Posted on / Updated on / in Blog & Federal Contractors /

VETS-100 and VETS-100A

If you are a government contractor or subcontractor and have contracts entered into or modified after December 1, 2003 of $100,000 or more, you will be required to file the new VETS-100A report form by September 30, 2009. In addition, if you have contracts entered into prior to December 1, 2003 of $25,000 or more, you must continue to file the VETS-100. Both forms must be filed by September 30, 2009.

Prior to 2002, the Vietnam Era Veterans’ Readjustment Act (VEVRAA) required federal contractors and subcontractors with contracts worth $25,000 or more to collect data on certain categories of veterans in their workforce annually and report them on the Federal Contractor Veterans’ Employment Report, or VETS-100.  The Jobs for Veterans Act of 2002 (JVA) amended VEVRAA’s reporting requirements both in the contract dollar amount and veteran categories, and asked the Department of Labor (DOL) to issue regulations implementing these changes.   The DOL issued these regulations on May 19, 2008 creating the new VETS-100A report form to be used starting September 30, 2009.

The covered veteran categories for the VETS-100 form are:

  •  Special disabled veterans
  •  Vietnam-era veterans
  •  Recently separated veterans
  •  Other protected veterans

The covered veteran categories for the VETS-100A form are:

  •  Disabled veterans
  •  Other protected veterans
  •  Recently separated veterans
  •  Armed Forces Service Medal veterans

We recommend that federal contractors review their contracts to determine which of these forms (or both) apply.  Additional information and frequently asked questions can be found on the Department of Labor’s website at http://www.dol.gov/vets/contractor/main.htm.

E-Verify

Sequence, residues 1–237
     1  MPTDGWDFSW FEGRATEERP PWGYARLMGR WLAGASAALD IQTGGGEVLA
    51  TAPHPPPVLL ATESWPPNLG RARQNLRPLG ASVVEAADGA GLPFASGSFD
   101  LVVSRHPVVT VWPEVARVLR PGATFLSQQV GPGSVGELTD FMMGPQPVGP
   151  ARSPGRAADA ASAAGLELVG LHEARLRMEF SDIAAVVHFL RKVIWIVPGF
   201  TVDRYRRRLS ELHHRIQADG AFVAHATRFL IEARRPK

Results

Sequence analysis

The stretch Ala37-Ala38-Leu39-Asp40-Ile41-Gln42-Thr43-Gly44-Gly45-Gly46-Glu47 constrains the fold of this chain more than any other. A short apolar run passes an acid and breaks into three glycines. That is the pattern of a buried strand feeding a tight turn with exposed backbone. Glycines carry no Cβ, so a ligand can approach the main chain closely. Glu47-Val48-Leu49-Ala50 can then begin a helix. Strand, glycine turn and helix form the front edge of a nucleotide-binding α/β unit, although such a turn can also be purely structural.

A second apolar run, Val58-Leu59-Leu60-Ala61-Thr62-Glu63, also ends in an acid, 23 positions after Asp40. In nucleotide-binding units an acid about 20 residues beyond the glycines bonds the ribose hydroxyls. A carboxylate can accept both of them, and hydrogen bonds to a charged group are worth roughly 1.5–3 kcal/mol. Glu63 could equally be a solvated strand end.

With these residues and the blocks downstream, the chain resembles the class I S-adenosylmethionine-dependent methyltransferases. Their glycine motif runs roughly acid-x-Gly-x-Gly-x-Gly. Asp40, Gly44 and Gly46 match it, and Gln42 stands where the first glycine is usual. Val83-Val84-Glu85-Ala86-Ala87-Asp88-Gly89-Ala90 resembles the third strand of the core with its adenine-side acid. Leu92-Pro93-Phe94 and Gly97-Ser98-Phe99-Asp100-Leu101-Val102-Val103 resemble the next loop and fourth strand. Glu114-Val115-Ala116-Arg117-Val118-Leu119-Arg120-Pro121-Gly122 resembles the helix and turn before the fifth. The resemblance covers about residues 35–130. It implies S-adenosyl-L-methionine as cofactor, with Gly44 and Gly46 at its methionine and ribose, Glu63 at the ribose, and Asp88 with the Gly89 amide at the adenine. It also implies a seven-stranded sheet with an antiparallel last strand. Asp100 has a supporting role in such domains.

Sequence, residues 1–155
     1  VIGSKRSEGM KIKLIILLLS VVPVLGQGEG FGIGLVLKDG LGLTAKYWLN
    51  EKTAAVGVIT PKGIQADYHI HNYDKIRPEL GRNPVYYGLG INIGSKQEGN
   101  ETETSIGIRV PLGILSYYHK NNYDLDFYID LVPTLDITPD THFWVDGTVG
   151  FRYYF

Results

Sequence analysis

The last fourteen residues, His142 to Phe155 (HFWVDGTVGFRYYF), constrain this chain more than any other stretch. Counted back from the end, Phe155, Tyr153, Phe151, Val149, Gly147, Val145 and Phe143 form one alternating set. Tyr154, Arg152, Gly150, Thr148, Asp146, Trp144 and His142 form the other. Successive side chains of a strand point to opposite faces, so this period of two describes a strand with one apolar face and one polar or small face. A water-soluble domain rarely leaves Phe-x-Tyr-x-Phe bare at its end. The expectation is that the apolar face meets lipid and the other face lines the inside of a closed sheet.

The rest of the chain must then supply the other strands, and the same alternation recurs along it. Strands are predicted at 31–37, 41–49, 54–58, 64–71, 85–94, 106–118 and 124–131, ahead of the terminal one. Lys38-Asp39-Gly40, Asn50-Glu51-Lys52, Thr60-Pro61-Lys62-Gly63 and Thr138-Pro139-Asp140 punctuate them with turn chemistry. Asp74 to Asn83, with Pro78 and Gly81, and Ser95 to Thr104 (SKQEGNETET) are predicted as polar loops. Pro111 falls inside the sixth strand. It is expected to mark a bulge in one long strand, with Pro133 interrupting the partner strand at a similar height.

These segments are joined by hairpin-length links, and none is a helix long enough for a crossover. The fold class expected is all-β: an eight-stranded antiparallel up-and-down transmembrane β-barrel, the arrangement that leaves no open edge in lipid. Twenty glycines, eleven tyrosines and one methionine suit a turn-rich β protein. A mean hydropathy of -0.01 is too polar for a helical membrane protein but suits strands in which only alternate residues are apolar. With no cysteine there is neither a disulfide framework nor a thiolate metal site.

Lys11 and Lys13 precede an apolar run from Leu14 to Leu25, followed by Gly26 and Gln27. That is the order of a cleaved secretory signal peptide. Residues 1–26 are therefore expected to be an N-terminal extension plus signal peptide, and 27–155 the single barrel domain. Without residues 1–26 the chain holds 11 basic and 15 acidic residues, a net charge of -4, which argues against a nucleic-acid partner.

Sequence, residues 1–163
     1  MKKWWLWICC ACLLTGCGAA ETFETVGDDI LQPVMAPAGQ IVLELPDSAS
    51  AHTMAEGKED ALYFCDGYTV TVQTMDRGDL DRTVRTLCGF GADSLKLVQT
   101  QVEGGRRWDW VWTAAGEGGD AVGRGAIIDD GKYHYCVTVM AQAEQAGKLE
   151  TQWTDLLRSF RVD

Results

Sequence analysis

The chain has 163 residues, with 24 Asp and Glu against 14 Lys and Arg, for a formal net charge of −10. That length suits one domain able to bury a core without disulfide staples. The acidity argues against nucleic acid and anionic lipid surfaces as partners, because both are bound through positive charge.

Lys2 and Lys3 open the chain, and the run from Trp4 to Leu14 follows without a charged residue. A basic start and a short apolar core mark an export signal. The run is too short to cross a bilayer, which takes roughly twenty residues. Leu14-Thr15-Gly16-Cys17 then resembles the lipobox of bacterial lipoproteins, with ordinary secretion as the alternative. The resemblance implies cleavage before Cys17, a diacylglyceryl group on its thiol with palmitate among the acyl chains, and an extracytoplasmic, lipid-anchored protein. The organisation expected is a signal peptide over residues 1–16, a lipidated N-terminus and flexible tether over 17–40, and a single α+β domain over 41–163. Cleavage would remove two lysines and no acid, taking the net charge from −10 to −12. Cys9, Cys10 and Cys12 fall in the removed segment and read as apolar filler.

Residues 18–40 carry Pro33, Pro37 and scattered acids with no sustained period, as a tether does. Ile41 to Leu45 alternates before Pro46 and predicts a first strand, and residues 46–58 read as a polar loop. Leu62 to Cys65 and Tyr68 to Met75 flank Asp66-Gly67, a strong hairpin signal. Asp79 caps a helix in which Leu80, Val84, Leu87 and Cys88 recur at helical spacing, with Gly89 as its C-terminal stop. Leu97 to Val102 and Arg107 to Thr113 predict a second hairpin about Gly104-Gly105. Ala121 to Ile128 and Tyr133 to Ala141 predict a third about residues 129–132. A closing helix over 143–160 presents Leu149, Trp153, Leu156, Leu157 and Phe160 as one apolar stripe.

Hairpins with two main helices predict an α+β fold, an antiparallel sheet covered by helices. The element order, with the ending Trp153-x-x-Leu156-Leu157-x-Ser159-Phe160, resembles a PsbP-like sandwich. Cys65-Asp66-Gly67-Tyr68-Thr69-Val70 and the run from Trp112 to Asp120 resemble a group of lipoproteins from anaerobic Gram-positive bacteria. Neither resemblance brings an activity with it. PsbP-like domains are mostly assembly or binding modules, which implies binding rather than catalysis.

Effective September 8, 2009, federal contractors with a prime federal contract of over $100,000 and a performance period of at least 120 days will be required to use E-Verify to verify the legal work status of newly-hired employees and current employees working directly on the covered federal contract.  This also applies to subcontractors for services or construction over $3000.

E-Verify, which compares information from the Employment Eligibility Verification Form (I-9) against federal government databases to verify workers’ employment eligibility, is a free web-based system operated by DHS in partnership with the Social Security Administration (SSA). The system facilitates compliance with federal immigration laws and helps to deter unauthorized individuals from attempting to work and helps employers avoid employing unauthorized aliens.

This September 8th deadline means that most federal contracts awarded, as well as solicitations issued after September 8, 2009, must include a clause mandating use of E-Verify for all employees hired during the contract period and all existing employees assigned to perform work under the contract.

We recommend that federal contractors review the terms and scope of current contracts as well as bids or solicitations for future contracts to determine if and when the requirements will need to be implemented.  Additional information can be found at the U.S. Citizenship and Immigration Services (USCIS) website at http://www.uscis.gov/portal/site/uscis/.

Submitted by: Mitzi Root, PHR; Senior Human Resources Consultant, IntegrityHR, Inc.

Budgets are tight. What are you doing to help your bottom line?
Top 5 Reasons HR Outsourcing Improves Your Bottom Line

Our team talked to business leaders who have taken the step to outsource HR and provided real world insights and learnings in this free resource. Learn more about how HR Outsourcing can impact your bottom line, and see if it is a good fit for your business.

New call-to-action

about the author: Amy Letke

Amy Newbanks Letke, SPHR, GPHR, is the Founder of Integrity HR, Inc. Amy provides workplace solutions to improve performance, reduce liability and increase profits. She is passionate about helping other entrepreneurs and business owners achieve success.